Rewatching it now, I can’t help but feel that “Star Trek: TNG” was groundbreaking. For starters, the fact that the classic “Star Trek” intro was changed to “to boldly go where no one has gone before” as opposed to “no man” speaks volumes. Beyond that, however, my latest rewatching has clearly illustrated that “TNG” was so much more than a sci-fi show.
What could have been a simple, formulaic weekly run-in with an alien species resulting in some kind of conflict instead became a character-driven series that dealt with real issues and addressed controversial subjects.
Take, for example, one of my early favorite episodes, “The Measure of a Man” that originally aired in February 1989 during season two. The android Data is about to be disassembled for study by a scientist who insists he’s only a machine. Picard refuses to allow his friend to be disassembled and forces a legal hearing that becomes a thought-provoking argument about racial tensions, slavery and viewing others as less than human.
Episodes like “The Host” in season four and “The Outcast” in season five address gender identity, misguided practices like conversion therapy, and the nature of love itself, with Dr. Beverly Crusher opining that “perhaps, one day, our ability to love won’t be so limited.”
In another of my favorite episodes, “The Drumhead,” Picard takes on Admiral Nora Satie, who is engaging in blatant McCarthyism while claiming there is a conspiracy on board the Enterprise. After exposing the admiral for what she is doing, Picard tells his Klingon security chief, Lt. Worf, “Villains who twirl their moustaches are easy to spot. Those who clothe themselves in good deeds are well camouflaged ... but, she, or someone like her, will always be with us, waiting for the right climate in which to flourish, spreading fear in the name of righteousness.”
Other episodes deal with refugees, the treatment of immigrants, environmental concerns stemming from energy usage, displacement of indigenous peoples, individualism versus the collective, vengeance, religious beliefs, what it means to be alive and more. The seven main characters grow, grieve, love and face their own failings and shortcomings in ways that challenge the audience to do the same. All too often, female characters in television shows do little other than engage in romantic relationships. In “TNG,” Crusher and counselor Deanna Troi do have love relationships, but also confront their roles as mothers and daughters as well as their careers and positions of authority. In short, they aren’t defined by their love interests alone.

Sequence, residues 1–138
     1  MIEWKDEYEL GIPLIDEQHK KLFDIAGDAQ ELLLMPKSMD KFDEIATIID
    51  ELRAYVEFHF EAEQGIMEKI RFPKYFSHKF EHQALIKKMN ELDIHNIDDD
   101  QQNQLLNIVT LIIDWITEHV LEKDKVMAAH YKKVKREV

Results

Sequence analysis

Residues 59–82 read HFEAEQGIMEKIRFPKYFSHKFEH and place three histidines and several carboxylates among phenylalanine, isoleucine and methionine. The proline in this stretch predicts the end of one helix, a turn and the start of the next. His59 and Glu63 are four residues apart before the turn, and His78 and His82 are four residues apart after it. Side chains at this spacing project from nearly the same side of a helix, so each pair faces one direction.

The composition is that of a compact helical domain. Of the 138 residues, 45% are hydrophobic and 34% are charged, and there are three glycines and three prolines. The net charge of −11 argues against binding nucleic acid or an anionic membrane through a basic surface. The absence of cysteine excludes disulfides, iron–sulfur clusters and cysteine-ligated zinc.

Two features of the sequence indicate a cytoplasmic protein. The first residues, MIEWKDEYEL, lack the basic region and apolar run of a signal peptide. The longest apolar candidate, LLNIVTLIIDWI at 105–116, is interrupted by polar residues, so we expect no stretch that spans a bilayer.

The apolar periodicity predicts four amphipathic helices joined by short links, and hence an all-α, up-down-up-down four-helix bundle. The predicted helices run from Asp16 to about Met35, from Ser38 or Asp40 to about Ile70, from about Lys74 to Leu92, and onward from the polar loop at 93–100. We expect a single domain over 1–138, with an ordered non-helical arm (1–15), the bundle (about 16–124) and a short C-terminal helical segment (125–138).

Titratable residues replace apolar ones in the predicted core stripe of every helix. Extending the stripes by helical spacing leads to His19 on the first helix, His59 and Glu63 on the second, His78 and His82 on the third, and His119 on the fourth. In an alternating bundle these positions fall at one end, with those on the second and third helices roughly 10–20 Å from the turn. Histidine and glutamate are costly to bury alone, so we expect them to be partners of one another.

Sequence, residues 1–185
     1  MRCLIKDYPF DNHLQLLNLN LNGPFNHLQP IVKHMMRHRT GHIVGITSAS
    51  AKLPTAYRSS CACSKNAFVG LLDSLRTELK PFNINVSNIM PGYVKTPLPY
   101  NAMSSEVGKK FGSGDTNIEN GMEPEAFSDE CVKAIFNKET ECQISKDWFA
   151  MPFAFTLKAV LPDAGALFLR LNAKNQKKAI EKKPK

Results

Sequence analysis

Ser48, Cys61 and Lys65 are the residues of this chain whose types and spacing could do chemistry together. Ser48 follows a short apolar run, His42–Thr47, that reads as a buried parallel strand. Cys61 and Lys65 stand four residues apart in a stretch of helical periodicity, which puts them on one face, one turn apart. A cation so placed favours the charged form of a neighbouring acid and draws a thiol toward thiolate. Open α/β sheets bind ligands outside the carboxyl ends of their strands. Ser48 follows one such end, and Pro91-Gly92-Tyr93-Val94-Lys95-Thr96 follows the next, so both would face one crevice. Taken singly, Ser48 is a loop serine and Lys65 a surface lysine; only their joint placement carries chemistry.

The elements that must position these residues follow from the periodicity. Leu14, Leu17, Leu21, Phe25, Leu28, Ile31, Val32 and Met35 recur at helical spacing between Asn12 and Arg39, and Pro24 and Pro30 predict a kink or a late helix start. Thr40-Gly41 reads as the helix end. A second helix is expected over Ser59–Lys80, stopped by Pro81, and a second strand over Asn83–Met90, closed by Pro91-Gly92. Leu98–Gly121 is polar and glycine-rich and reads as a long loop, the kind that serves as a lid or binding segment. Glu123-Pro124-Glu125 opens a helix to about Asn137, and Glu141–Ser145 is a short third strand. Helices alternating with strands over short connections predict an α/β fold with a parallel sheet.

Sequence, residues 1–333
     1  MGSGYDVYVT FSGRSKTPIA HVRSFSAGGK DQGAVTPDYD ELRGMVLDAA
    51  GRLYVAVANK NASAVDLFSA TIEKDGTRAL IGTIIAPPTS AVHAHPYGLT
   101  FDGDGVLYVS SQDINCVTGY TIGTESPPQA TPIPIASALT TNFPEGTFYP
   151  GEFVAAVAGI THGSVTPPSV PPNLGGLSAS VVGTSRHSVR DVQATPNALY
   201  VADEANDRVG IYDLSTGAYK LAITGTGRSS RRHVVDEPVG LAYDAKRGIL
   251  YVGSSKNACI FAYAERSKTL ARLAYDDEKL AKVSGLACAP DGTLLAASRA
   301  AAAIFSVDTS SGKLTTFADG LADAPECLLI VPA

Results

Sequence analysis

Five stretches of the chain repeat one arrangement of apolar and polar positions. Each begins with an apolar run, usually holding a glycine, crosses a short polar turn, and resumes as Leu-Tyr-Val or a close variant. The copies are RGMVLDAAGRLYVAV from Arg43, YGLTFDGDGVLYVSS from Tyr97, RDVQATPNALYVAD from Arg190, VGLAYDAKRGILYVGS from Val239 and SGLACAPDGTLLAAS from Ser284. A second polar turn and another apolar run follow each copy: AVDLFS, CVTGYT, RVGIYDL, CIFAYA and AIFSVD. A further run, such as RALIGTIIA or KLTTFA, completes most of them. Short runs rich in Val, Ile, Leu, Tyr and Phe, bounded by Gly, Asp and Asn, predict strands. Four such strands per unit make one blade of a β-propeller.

In what is my absolute favorite, the two-part “Chain of Command” from season six, Picard is taken prisoner by the Cardassians and is subjected to all manner of torture. More than a decade before waterboarding and torture received media attention around the world, Picard tells his captors, “Torture has never been a reliable means of extracting information. It is ultimately self-defeating as a means of control. One wonders why it is still practiced.” Later, when a Cardassian child is allowed to witness his suffering and torture, Picard expresses shock that a child would be deliberately exposed to such cruelty and points out, “When children learn to devalue others, they can devalue anyone, including their parents.”
It’s a forceful and emotional performance that I never tire of watching.
With only a few episodes remaining until I’ve completed my rewatching of all seven seasons, the January debut of “Picard” can’t come soon enough. I can’t wait to see what strange new worlds my favorite Shakespeare-loving, Earl Grey-drinking, thoughtful, intelligent, honorable captain is going to lead us to next.